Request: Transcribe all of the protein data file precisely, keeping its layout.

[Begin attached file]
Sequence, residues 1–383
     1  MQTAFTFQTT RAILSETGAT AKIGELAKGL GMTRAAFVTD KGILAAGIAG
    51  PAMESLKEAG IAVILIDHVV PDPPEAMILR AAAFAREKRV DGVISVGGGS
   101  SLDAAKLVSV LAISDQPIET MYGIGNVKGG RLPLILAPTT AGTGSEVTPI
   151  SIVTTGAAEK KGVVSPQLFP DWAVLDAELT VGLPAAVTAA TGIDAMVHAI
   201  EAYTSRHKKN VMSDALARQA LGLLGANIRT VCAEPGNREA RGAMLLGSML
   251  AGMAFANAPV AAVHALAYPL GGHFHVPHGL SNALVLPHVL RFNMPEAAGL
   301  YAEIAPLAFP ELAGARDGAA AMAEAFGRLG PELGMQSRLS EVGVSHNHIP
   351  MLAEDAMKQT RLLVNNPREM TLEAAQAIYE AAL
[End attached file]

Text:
Sequence, residues 1–383
     1  MQTAFTFQTT RAILSETGAT AKIGELAKGL GMTRAAFVTD KGILAAGIAG
    51  PAMESLKEAG IAVILIDHVV PDPPEAMILR AAAFAREKRV DGVISVGGGS
   101  SLDAAKLVSV LAISDQPIET MYGIGNVKGG RLPLILAPTT AGTGSEVTPI
   151  SIVTTGAAEK KGVVSPQLFP DWAVLDAELT VGLPAAVTAA TGIDAMVHAI
   201  EAYTSRHKKN VMSDALARQA LGLLGANIRT VCAEPGNREA RGAMLLGSML
   251  AGMAFANAPV AAVHALAYPL GGHFHVPHGL SNALVLPHVL RFNMPEAAGL
   301  YAEIAPLAFP ELAGARDGAA AMAEAFGRLG PELGMQSRLS EVGVSHNHIP
   351  MLAEDAMKQT RLLVNNPREM TLEAAQAIYE AAL